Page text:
the continued participation of the parents and of the Parish community are part of this
Plan, as they assist the school in meeting their goals, and as they provide feedback to the
school throughout the Implementation Phase. The Florida Catholic Conference has
issued information on how schools should implement the School Improvement Plan and
document the results. These are helpful guidelines for keeping records of school and
student progress and for showing accountability, particularly for the requirements of the
annual documentation needed for the Plan’s implementation.

A review of the Team’s recommendations related to the Florida Catholic Conference
standards clearly shows that finances and the availability of resources are the major
issues of concern for the school. As salaries and expenses continue to climb, and as the
possibility of decreasing enrollment looms, the parish and school administration will be
increasingly challenged to find creative, yet stable ways to meet these costs in an
economically fragile time.

The Visiting Team is confident that the school administration and staff know where they
are headed with their Action Plan and that they are equipped with the necessary

infrastructure and resources to implement the Plan. The Team also believes that the
administration has the capability and the energy to meet the school’s monetary challenges
successfully, especially working in tandem with the pastor. Therefore, the Visiting Team
will submit its findings to the Florida Catholic Conference on behalf of Our Lady of
Lourdes. The School Improvement process has been validated, the Florida Catholic
Conference accreditation standards have been reviewed and met, and the Team has no
reservations about stating its unqualified approval for the spiritual and academic program
of Our Lady of Lourdes Catholic School. The school’s all-around excellence serves as a
tribute to the comprehensive and solid expectations of schools in the Florida Catholic
Conference school system. There is no doubt that Our Lady of Lourdes is a model of
what a genuine Catholic school should be.

The Team wishes to express its gratitude to the community of Lourdes for the hospitality
and receptive attitude shown during every aspect of the on-site visit. Students were seen
to be courteous, parents were outgoing and helpful in their discussions and opinions, and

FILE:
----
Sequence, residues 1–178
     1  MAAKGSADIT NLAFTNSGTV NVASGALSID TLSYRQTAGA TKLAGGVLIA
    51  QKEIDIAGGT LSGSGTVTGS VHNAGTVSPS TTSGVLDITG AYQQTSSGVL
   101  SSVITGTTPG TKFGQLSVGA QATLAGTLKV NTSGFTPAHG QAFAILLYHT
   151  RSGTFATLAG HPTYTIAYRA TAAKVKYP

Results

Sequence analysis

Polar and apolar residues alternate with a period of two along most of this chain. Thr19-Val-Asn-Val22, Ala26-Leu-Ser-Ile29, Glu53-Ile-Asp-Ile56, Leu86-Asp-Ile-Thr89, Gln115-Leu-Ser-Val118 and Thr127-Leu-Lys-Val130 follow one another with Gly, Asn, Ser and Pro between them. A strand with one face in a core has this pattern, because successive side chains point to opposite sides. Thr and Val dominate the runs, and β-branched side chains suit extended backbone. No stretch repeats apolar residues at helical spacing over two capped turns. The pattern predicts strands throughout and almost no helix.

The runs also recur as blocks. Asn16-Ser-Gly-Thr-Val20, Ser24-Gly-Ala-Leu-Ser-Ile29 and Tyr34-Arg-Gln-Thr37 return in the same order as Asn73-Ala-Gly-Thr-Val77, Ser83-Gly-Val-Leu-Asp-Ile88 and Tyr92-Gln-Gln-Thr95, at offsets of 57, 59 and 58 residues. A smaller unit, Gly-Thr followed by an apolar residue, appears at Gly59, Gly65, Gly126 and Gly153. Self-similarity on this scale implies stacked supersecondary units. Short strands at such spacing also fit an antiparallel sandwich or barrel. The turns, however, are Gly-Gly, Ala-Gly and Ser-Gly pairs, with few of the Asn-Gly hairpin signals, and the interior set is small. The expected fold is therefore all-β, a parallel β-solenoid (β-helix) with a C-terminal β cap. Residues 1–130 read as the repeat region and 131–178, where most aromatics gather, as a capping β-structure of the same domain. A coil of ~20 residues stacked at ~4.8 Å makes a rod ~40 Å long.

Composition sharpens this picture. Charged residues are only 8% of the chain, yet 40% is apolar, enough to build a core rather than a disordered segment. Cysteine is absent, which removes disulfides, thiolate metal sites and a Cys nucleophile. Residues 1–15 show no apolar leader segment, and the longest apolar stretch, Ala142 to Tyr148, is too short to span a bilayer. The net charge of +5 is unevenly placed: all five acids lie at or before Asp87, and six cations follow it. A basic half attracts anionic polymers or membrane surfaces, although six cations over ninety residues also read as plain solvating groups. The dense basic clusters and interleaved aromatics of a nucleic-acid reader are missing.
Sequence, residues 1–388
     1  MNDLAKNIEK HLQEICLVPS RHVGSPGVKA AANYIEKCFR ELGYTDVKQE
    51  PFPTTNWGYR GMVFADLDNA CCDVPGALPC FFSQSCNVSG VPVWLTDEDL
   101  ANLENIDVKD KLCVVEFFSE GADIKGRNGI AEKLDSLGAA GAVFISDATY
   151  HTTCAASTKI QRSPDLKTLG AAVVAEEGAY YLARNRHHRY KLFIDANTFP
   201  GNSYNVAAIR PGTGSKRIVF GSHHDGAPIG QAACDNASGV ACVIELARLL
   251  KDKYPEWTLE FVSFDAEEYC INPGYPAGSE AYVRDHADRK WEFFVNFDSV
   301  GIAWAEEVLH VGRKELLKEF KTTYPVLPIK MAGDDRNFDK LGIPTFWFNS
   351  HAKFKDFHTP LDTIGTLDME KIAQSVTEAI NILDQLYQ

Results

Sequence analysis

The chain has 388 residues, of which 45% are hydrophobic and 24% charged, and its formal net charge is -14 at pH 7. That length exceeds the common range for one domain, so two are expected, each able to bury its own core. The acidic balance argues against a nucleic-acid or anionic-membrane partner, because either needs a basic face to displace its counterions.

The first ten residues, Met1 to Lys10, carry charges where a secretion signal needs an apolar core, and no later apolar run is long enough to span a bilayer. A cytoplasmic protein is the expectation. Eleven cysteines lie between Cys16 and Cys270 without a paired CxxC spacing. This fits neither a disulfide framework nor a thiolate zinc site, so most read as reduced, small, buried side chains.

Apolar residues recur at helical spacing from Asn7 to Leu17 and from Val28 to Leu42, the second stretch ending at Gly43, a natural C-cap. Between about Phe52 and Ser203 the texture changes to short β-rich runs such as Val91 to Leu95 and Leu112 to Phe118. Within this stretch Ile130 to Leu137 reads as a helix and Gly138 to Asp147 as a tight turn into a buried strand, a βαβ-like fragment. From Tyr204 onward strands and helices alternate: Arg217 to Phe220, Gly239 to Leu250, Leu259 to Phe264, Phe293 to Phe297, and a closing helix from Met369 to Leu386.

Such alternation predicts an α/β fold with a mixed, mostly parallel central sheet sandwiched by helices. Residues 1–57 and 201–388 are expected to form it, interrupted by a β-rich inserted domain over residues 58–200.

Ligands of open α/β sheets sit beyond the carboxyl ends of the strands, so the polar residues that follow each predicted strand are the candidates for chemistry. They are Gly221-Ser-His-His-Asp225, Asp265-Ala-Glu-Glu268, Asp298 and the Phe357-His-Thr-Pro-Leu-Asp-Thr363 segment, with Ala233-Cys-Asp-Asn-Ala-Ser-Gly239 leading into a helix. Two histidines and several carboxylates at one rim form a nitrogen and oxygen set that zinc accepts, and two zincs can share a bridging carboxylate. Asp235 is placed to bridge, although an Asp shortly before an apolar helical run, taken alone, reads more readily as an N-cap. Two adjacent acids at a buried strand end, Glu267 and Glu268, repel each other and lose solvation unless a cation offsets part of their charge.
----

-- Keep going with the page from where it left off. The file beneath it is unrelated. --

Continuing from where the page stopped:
school and parish staff members were accommodating and cooperative as the team went
about its business of observing and interviewing. Our Lady of Lourdes demonstrated a
true hallmark of a stewardship community in that they ‘welcomed the stranger’ into their
midst, and the Team members truly felt blessed to be allowed to be a part of this
successful accreditation visit for the school.

Finally, it was obvious to the Visiting Team that the entire Lourdes community is
committed to further growth of its school program. By implementing the Action Plan, by
demonstrating progress on the standards, and by continuing to change and adapt to its
particular circumstances, the school will have the ingredients needed to overcome the
obstacles and challenges they presently face in working together to maintain their
position as a Catholic elementary school offering a superior education to the families in
the Dunedin community.

The Visitation Team was greeted with hospitality by the Lourdes community and wishes
to again extend its thanks for the opportunity to collaborate with them during this
important phase of the accreditation process of the Florida Catholic Conference. The
staff and families of Our Lady of Lourdes took their accreditation visit very seriously,
making sure they were well-prepared, informed of the Team’s purpose, and attentive to
the tasks at hand during the three days of the Visitation. The Team feels that this is a
testament to the professionalism of the entire school community, especially the school
administration. Our Lady of Lourdes truly honored the process of accreditation,
understanding its importance for their school and the entire Catholic community of

                   FCC School Improvement Process Certification

COMPONENTS                                                         Meets Expectation   Meets Expectation
                                                                                                           Did Not Meet
1. Executive Summary – Introductory statement that
provides an overview of the school’s recent improvement
efforts and highlights the significant challenges facing the
A clear and concise statement was developed that reflects the
school’s most recent accomplishments and significant
challenges facing the school.                                             X

2. Performance and Progress Report – A description of
the specific activities of practices implemented during the
past three to four school years and the results of such efforts.
Documentation is maintained that describes the activities or
practices implemented.                                                  N/A
Evidence of progress towards achieving the goals in the